Monday, November 04, 2013

Going to the cloud for storage

 Q & A - cloud storage

Q: We are looking very hard at the cloud as it would be very useful to our business particularly with free lance journalists and having more than the one office, but the MD does have reserves about the security aspect.

Many thanks

A: Make sure you look into the data protection requirements for the data you are storing and where it has to be stored.
Sometimes depending on the legal requirements of what you do means you have to store you data within the geographic area it is from (or the people it talks about are from).
I only mention this because if you go 'cloud' with some providers you can specifiy where the data is stored (EU, US, UK, London, etc), but you also have to understand that your data MIGHT be backed in other places as well.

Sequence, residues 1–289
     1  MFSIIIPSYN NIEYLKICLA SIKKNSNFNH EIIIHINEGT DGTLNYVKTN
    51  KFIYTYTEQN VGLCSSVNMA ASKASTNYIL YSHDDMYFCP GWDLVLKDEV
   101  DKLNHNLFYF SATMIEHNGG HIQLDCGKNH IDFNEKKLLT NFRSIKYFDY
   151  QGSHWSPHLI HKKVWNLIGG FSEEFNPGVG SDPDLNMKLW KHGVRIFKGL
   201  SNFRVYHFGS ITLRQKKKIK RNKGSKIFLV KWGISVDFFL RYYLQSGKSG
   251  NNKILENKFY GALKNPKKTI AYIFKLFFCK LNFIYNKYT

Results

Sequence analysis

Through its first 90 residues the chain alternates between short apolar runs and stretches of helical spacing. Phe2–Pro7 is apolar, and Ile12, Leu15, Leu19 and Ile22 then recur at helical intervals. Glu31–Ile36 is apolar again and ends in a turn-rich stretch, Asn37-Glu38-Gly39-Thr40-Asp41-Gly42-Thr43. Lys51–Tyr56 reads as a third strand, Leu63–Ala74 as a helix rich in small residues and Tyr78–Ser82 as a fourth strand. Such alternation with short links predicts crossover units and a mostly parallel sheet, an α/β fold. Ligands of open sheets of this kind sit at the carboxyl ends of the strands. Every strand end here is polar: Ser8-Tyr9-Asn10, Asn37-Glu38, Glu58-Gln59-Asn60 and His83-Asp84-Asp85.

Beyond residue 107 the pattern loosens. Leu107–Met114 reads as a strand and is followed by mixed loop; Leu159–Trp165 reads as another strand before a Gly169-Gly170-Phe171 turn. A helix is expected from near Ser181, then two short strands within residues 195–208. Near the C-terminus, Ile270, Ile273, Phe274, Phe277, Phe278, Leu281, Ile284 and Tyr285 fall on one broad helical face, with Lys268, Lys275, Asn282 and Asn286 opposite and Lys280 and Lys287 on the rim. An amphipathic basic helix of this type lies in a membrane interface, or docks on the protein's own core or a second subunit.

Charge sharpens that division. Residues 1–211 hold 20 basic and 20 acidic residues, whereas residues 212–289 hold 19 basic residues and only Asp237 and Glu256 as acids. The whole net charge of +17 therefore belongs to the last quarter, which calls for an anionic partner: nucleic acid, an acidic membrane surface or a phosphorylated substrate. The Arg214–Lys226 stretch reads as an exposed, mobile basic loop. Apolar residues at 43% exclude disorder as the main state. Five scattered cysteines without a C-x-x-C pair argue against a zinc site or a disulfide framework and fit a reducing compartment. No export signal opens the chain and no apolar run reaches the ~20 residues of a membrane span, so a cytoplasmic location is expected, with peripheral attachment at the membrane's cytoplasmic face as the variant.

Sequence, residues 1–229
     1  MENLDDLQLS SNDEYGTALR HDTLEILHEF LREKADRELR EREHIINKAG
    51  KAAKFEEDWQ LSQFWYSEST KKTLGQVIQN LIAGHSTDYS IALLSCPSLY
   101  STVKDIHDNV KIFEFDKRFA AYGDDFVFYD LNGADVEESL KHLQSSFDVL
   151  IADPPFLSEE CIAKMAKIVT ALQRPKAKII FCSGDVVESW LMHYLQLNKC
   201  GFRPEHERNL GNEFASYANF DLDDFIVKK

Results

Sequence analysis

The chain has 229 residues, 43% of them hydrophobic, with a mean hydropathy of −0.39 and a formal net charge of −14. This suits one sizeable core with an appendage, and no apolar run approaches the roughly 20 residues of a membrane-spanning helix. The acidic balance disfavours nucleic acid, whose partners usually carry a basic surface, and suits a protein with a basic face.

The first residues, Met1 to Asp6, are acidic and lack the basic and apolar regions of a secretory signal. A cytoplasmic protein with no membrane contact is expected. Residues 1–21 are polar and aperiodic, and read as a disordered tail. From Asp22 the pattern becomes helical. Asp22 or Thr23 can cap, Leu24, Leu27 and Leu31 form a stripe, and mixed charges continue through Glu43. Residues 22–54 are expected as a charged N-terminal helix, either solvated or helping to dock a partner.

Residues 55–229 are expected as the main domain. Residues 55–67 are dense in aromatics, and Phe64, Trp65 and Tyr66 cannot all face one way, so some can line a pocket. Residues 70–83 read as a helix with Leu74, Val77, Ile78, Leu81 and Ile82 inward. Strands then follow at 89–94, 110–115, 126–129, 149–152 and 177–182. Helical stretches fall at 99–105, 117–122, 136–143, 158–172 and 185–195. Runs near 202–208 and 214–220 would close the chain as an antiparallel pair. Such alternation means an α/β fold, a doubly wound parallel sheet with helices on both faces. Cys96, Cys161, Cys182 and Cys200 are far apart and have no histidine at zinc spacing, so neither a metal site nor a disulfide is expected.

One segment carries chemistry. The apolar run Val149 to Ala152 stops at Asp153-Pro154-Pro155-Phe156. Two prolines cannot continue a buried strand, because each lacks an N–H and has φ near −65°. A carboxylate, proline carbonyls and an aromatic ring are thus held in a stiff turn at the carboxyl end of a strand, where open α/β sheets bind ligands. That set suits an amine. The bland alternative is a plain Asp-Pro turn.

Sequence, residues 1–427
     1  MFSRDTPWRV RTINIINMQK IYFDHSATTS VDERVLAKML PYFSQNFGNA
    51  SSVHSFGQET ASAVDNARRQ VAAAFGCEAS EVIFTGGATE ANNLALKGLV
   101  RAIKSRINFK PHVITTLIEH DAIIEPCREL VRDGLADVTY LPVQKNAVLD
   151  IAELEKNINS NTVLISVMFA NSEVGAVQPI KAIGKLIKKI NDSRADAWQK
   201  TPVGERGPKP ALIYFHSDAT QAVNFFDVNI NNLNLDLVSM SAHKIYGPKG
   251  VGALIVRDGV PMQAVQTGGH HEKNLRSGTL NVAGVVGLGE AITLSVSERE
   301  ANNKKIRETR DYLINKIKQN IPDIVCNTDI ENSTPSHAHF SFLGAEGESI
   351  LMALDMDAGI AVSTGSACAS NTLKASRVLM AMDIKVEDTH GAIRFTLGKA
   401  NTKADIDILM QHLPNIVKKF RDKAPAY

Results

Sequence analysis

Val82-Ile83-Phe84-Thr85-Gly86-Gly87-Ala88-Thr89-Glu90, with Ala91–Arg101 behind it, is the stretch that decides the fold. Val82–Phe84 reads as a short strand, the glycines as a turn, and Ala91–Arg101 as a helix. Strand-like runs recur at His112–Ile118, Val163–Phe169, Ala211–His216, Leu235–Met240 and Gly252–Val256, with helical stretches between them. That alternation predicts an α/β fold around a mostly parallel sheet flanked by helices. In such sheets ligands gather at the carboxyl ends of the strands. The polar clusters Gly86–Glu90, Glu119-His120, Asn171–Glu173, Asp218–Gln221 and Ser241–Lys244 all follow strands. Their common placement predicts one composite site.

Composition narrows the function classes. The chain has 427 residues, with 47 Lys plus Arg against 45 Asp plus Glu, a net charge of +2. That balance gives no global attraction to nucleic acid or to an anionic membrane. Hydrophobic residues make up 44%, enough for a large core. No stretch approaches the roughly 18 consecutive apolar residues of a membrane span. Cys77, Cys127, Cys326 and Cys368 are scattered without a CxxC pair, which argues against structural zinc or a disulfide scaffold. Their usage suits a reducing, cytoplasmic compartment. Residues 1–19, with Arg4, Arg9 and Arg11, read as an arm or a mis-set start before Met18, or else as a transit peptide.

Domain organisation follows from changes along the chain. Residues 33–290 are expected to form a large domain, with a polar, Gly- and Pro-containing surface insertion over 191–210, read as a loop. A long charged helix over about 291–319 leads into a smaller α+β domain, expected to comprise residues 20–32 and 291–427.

Most decent cloud storage services will have at least 3 copies of your data on hand at any one time, one that you are using which is your closest and fastest datastore, the others will be on different servers probably in different server farms across the globe so if one dies they simply redirect you to the next nearest one until the broken one is replaced.
So if you have regulatory requirements for data storage make sure you check where you data is going to 'be'.
Also make sure that your cloud storage does keep active mirrored copies of your data and has an undo/previous versions option....

Just because it is in the cloud does not mean someone wont delete it

On the security front there are different kinds of security to investigate;
  • Access, who can view/edit/change/delete your data (you should have 100% control over this)
  • Hardware Encryption, how the physical data is stored on the 'disk' (you wont control this but make sure it is in place), this means people cant open the raw data blobs direct from the server even if they have 100% access to the disks
  • Software encryption/locking, users can add passwords to files for an added level of security, but remember that these passwords have to be managed (and not via post-it notes or in a group email for example)

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